Water resistance: IPX7
Multipoint connectivity: No
Auto-pause: No
Battery life (rated): 7 hrs, 30 hrs w/ case
Fast charging (rated): 10 mins = 2 hrs
Codecs: SBC, AAC, aptX
Warranty: 18 months

Best for workouts: Jabra Elite 3

Photo by Jeff Dunn / Engadget

The Elite 3 offer a snug fit, physical controls, IP55 water resistance and good sound for the money, though they lack ANC and multipoint connectivity.

$43 at Amazon$80 at Walmart

The Jabra Elite 3 is a couple of years old, but since they’re frequently on sale in the $60 to $70 range, it’s still worth a look. These earphones are particularly useful for workouts, as their compact design should be snug yet comfortable for most. What’s more, they don’t require any bulky wing stabilizers or over-ear hooks. They also have an IP55 water resistance rating, which should be enough to withstand most gym sessions. (As with most earbuds, you should give them a light cleaning between workouts.) Plus, they use physical buttons instead of touch controls. When you’re on the move, having that immediate, tactile feedback is more reliable for quickly changing tracks or adjusting volume.

The Elite 3 still sounds better than most pairs in this price range, too. As noted in our review the Elite 3’s signature is balanced enough for most music, with a slight but not overbearing bass boost that gives tracks a nice sense of body. By default, it sounds a bit better than both the Space A40 and the Air Pro: The treble is more present than the former, and the bass is less boomy than the latter. It’s more measured than the Free 2S as well, so if you see the Elite 3 on sale for around $50, it’s the pair to get. Similar to our other top picks, you can also customize the Elite 3’s EQ through the Jabra Sound+ app.

Where the Elite 3 falls short is in all the other stuff. There’s no active noise cancellation, no wireless charging, no multipoint connectivity and no auto-pausing. And while there is a transparency mode, the effect is so meager that you’re better off just removing the earpieces entirely. The seven-ish hours of battery life is solid, however, and you can use a single earbud at a time if needed. Call quality is acceptable as well, though not a standout feature.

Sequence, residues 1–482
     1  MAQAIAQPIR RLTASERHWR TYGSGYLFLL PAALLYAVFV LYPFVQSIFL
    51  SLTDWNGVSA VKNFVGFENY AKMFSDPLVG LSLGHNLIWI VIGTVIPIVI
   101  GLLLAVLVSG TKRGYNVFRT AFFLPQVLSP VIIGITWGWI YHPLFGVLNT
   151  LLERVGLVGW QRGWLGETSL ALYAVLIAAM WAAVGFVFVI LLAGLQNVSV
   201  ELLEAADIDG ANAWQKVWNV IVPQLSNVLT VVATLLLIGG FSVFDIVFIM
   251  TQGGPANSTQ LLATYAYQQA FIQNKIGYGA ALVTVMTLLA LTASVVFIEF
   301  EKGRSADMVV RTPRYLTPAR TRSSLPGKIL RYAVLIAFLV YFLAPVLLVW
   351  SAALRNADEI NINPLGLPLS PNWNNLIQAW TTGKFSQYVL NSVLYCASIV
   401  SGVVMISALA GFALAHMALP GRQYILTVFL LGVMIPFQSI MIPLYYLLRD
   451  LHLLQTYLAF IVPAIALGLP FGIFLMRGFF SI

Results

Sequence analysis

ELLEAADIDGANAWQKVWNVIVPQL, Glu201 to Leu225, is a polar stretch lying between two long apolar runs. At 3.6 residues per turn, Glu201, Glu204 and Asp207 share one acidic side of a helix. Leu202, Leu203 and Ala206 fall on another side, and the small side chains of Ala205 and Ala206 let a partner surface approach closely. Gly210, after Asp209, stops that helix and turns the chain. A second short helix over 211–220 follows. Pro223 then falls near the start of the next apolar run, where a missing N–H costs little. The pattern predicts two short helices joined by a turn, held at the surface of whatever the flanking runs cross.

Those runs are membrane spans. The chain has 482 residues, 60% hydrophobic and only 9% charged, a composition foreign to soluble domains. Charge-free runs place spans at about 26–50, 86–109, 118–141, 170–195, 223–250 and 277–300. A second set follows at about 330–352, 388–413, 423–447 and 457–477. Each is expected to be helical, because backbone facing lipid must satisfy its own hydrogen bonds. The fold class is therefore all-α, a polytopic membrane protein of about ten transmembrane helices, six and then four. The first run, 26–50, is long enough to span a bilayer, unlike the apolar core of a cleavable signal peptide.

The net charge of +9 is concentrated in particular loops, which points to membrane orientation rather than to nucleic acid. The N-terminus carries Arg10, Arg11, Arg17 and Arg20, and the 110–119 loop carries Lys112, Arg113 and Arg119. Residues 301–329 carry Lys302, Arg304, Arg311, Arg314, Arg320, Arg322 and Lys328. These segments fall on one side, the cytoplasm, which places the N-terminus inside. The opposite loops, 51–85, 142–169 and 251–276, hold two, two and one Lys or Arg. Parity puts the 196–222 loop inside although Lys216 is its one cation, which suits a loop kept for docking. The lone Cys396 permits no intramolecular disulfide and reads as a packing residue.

You could also consider the Elite 4, which launched in March and feature both ANC and multipoint connectivity. At $100, though, most budget-conscious buyers are better off with the Space A40.

Bluetooth: v5.2
Active noise cancellation: No
Transparency mode: Yes
Custom EQ: Yes
Charging port: USB-C
Wireless charging: No
Water resistance: IP55
Multipoint connectivity: No
Auto-pause: No
Battery life (tested): 7 hrs, 28 hrs w/ case
Fast charging (rated): 10 mins = 1 hr
Codecs: SBC, aptX
Warranty: 2 years (w/ Sound+ app registration)

Best for an open design: Amazon Echo Buds (2023)

Photo by Jeff Dunn / Engadget

If you hate the feeling of headphones that insert into your ear canal, the unsealed Amazon Echo Buds provide useful features and decent sound for less than $50.

$50 at Amazon

All of our picks so far are technically earphones, meaning they extend into your ear canal. For many people, that is inherently uncomfortable. Unfortunately, the market for decent yet affordable “earbuds,” which rest on the concha instead of going all the way in your ear, is spotty. If you can’t bring yourself to pay for a pair of AirPods, though, the Amazon Echo Buds are a worthy compromise at $50.

The plastic earpieces here aren’t exactly premium, but they rest lightly in the ear and feel sturdily put together. They let in and leak noise more easily than in-ear headphones, but if you prefer open earbuds, that’s a feature rather than a bug. If the fit doesn’t feel right, you can shed a little bulk by removing the pre-installed silicone covers. (Like most open earbuds, though, comfort here is dependent on your ear shape.) Mic quality is more than adequate, and the circular touch panels give ample room for using the controls, which are customizable and consistently responsive. Battery life sits around five hours, which is middling but not out of character for budget earbuds. The pocket-friendly case adds about three full charges, but it’s worth noting that Amazon doesn’t include a USB-C charging cable. A poor IPX2 water resistance rating means you should avoid the gym, too.